The long cane was improved upon by World War II veterans rehabilitation specialist, Richard E. Hoover, at Valley Forge Army Hospital.[5] In 1944, he took the Lions Club white cane (originally made of wood) and went around the hospital blindfolded for a week. During this time he developed what is now the standard method of "long cane" training or the Hoover Method. He is now called the "Father of the Lightweight Long Cane Technique." The basic technique is to swing the cane from the center of the body back and forth before the feet. The cane should be swept before the rear foot as the person steps. Before he taught other rehabilitators, or "orientors," his new technique he had a special commission to have light weight, long white canes made for the veterans of the European fronts.[6]

On October 6, 1964, a joint resolution of the Congress, HR 753, was signed into law authorizing the President of the United States to proclaim October 15 of each year as "White Cane Safety Day". President Lyndon Johnson was the first to make this proclamation.[citation needed]

Legislation about canes[edit]

A folding support cane

While the white cane is commonly accepted as a "symbol of blindness", different countries still have different rules concerning what constitutes a "cane for the blind".

In the United Kingdom, the white cane indicates that the individual has a visual impairment; with two red bands added it indicates that the user is deafblind.

In the United States, laws vary from state to state, but in all cases, those carrying white canes are afforded the right-of-way when crossing a road. They are afforded the right to use their cane in any public place as well. In some cases, it is illegal for a non-blind person to carry a white cane.[7]

Comparison to guide dogs[edit]

While a guide dog, the other major mobility aid for blind people, can interact more with the user and the environment, making them more useful in certain locations, white canes are alternatives for reasons of price, care, and in case of some people, allergies. Despite the high profile of guide dogs, however, most blind people still use canes at least sometimes, and many still use canes entirely.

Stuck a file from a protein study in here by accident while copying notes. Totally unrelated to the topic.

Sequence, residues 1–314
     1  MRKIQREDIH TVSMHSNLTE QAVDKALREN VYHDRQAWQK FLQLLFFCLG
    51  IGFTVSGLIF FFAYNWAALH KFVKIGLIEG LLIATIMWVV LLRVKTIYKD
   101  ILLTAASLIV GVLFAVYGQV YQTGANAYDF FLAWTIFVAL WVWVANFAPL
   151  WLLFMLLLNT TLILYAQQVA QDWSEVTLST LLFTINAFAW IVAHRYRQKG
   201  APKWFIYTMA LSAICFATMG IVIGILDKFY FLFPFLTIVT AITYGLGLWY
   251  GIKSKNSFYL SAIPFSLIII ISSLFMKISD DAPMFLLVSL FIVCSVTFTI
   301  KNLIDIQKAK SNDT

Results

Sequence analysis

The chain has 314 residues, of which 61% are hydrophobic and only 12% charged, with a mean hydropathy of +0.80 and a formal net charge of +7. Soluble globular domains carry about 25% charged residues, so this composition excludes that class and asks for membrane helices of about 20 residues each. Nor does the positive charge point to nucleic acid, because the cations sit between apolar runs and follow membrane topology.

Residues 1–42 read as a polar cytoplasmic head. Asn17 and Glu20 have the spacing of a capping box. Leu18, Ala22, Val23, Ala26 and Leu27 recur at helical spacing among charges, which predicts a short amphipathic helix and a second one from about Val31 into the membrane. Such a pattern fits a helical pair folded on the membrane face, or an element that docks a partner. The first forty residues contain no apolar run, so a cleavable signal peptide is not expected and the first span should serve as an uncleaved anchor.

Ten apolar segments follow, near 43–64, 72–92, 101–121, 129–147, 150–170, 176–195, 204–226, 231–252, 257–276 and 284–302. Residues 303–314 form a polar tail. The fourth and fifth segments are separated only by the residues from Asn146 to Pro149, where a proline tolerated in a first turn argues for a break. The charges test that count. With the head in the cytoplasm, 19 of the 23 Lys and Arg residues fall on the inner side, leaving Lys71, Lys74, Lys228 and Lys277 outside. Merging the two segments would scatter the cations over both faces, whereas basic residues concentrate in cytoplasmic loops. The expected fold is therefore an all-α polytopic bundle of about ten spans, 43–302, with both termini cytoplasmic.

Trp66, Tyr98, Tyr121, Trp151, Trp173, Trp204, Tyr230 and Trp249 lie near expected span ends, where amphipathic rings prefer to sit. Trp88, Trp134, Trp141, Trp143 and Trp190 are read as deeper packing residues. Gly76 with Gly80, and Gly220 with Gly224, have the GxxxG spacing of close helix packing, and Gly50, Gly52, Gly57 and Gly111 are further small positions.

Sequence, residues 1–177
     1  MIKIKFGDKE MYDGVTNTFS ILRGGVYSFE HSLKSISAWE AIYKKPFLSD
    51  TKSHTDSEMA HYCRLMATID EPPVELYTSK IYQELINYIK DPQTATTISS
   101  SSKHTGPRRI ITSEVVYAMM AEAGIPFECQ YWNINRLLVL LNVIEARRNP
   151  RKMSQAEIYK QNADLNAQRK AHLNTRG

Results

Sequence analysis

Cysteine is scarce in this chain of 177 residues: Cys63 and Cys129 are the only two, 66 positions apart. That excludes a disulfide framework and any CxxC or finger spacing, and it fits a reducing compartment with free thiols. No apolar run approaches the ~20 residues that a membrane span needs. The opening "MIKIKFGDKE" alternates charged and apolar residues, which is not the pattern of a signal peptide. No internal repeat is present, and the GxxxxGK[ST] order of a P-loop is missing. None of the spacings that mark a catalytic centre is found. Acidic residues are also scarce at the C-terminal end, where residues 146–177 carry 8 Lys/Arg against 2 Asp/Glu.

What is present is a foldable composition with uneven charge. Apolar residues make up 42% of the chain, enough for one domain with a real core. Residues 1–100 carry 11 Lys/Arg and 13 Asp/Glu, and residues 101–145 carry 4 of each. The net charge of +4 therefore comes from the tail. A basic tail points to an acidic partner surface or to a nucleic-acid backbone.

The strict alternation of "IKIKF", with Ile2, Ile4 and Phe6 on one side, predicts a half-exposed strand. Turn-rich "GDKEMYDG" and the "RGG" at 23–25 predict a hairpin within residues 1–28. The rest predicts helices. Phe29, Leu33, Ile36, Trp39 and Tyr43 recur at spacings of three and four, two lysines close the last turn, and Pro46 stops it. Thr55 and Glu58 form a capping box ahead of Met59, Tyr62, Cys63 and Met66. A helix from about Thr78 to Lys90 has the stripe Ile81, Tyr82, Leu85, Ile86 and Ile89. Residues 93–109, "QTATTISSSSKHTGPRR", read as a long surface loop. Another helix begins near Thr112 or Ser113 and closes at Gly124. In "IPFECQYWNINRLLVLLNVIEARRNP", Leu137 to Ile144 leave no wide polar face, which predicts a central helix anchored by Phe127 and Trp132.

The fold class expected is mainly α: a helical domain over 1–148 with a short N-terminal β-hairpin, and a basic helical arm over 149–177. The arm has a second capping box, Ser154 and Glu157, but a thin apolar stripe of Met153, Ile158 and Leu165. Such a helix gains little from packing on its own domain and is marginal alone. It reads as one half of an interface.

Children and canes[edit]

In many countries, including the UK, a cane is not generally introduced to a child until they are between 7 and 10 years old. However, more recently canes have been started to be introduced as soon as a child learns to walk to aid development with great success.[8][9]

Joseph Cutter and Lilli Nielsen, pioneers in research on the development of blind and multiple-handicapped children, have begun to introduce new research on mobility in blind infants in children. Cutter's book, Independent Movement and Travel in Blind Children,[10] recommends a cane to be introduced as early as possible, so that the blind child learns to use it and move around naturally and organically, the same way a sighted child learns to walk. A longer cane, between nose and chin height, is recommended to compensate for a child's more immature grasp and tendency to hold the handle of the cane by the side instead of out in front. Mature cane technique should not be expected from a child, and style and technique can be refined as the child gets older.

See also[edit]

References[edit]

  1. ^ Nichols, Allan (1995), Why Use the Long White Cane?, archived from the original on 2010-03-30 
  2. ^ Kelley, Pat (1999). "Historical Development of Orientation and Mobility as a Profession". OrientationAndMobility.org. Retrieved 20 January 2012. 
  3. ^ Bailly, Claude (1990), Les débuts de la canne blanche, l'Auxilaire des aveugles (in French), retrieved 20 January 2012 
  4. ^ White Cane DayArchived October 27, 2002 at the Wayback Machine
  5. ^ Koestler, Frances A. "Historical Chronologies , The Unseen Minority: A Social History of Blindness in the United States". American Printing House for the Blind. Retrieved 20 January 2012. 
  6. ^ Weiner, W.R., Welsh, R.L., & Blasch, B. B. (Eds.). (2010), Foundations of orientation and mobility (3rd ed., Vol. I), ISBN 978-0-89128-448-2 [page needed]
  7. ^ http://www.nfb-nagdu.org/laws/usa/usa.htmlArchived October 10, 2003 at the Wayback Machine
  8. ^ http://www.worldaccessfortheblind.org/sites/default/files/Facilitating_Movement.pdf[page needed]
  9. ^ http://www.commonsense.me.uk
  10. ^ Cutter, Joseph (2007), Independent Movement and Travel in Blind Children, ISBN 1-59311-603-9 [page needed]

External links[edit]